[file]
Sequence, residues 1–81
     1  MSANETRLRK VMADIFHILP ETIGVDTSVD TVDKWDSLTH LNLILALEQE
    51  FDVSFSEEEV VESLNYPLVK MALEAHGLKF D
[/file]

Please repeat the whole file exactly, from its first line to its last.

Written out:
Sequence, residues 1–81
     1  MSANETRLRK VMADIFHILP ETIGVDTSVD TVDKWDSLTH LNLILALEQE
    51  FDVSFSEEEV VESLNYPLVK MALEAHGLKF D